I was at Jacob's school yesterday, picking him up. His class was a bit late getting back, having taken advantage of the glorious October weather to sneak out for an end of the day visit to the park. That's one of the many things I love about his new school, how they get the kids out and about as much as possible; fresh air and sunshine, folks! So, I had some time to kill in the school's lobby.
Have I mentioned before that Jacob's school is a small, private, Special Ed one that is co-located in, and practices active inclusion with a "regular" school? In fact, it's in a Catholic School, so yes, my little Jewish boy is going to school in a big old church.
I was hanging out, casually observing the comings and goings, noting one lovely boy who seemed to have a lot of energy; bounding up the stairs, he had tripped and fallen quite hard, but seemed unscathed. He looked so adorable in full "miniature man" uniform with neatly pressed oxford shirt and tie slightly askew.
I then got to witness a scene which is now seared into my memory and haunting me, that I need to share here and use it to stand on my soapbox for a moment: I watched a mother eviscerate her son; just scald him with scorn, in an attempt to get him to measure up.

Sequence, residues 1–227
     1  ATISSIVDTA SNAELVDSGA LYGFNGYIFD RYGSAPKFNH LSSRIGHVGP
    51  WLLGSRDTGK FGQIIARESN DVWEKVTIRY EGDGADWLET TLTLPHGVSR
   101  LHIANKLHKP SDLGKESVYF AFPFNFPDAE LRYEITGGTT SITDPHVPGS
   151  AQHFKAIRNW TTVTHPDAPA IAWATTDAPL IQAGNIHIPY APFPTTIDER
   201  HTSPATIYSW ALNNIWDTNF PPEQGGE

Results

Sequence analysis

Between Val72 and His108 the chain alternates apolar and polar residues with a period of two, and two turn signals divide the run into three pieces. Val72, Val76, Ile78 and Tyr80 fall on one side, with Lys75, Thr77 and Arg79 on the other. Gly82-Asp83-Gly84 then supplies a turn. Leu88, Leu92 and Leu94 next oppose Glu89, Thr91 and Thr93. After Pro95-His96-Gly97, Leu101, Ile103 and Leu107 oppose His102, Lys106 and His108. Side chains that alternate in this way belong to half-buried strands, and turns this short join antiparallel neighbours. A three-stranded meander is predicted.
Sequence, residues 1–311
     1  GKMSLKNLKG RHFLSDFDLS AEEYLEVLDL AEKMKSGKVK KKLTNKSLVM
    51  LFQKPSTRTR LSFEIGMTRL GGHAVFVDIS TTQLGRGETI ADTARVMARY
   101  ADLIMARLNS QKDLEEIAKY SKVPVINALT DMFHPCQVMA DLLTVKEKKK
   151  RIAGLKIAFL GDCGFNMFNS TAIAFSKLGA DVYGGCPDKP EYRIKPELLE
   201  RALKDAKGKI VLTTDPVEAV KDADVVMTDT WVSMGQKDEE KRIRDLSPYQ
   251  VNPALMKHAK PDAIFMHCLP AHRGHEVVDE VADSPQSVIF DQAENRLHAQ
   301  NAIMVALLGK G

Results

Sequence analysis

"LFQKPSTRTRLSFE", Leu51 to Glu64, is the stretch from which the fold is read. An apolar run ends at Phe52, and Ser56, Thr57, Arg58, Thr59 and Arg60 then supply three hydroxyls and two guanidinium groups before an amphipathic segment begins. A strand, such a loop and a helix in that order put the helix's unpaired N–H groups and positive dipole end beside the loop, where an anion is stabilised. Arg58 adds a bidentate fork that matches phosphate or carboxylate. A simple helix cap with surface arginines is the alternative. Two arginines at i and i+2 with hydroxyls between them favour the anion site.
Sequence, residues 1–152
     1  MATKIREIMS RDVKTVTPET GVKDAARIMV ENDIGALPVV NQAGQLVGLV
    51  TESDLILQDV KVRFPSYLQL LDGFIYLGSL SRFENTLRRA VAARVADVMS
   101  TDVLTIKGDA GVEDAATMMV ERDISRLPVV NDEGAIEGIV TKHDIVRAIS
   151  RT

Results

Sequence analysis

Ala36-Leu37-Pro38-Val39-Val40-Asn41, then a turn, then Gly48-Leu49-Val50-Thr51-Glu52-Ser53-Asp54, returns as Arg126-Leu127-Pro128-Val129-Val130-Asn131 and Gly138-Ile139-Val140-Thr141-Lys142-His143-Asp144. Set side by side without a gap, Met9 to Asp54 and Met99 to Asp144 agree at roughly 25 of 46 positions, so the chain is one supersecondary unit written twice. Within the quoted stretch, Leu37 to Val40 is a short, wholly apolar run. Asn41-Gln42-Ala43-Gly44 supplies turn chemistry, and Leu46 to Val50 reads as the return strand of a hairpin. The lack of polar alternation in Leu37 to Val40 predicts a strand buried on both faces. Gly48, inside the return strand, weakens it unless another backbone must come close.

The boy looked to be about Jake's age, maybe 8 or 9, and was, in fact that same boy I had seen going up the stairs. The mother was yelling at her son because he had failed to write down the homework assignment. Again. She accused him of being lazy, of not caring, this sweet boy with such an earnest and eager face. She told him that there would be no snacks until "things improved."
This was very clearly a repetitive pattern, that this boy always fails to write down the homework assignment, and his mother was exacerbated. She saw a willfully disobedient child, a bad boy; she saw a failure. He clearly felt himself to be a failure, too; tears sprung up as he repeated his excuses as to why this time he had once again not gotten the job done.
You could see in his eyes the pain, the panic, that he just didn't know why he kept failing. I wanted to go hug him, but couldn't, I'm a stranger.
His mother saw laziness, badness. What I saw was this: a boy who had ADD and/or executive functioning disorder written all over him. I realized I had felt a spark of recognition earlier, watching him stumble up the stairs, that radar we have to detect our own kind.
And it broke my heart to see him so broken and his mother's heart so hardened against her disappointing son, who had no idea why what was so easy for others was so hard for him.
"Did the other kids get the assignment written down?" she asked accusingly, making it clear that if they did & he didn't the failing was his.
And I couldn't say anything, not a peep, this woman was a stranger, a parent at the school in whose good graces we need to remain. And I? I was one of the moms of the "weird kids" and she certainly would never want to think her son was like one of those. So I kept my mouth shut, and wept inside my head, and felt my heart crackle.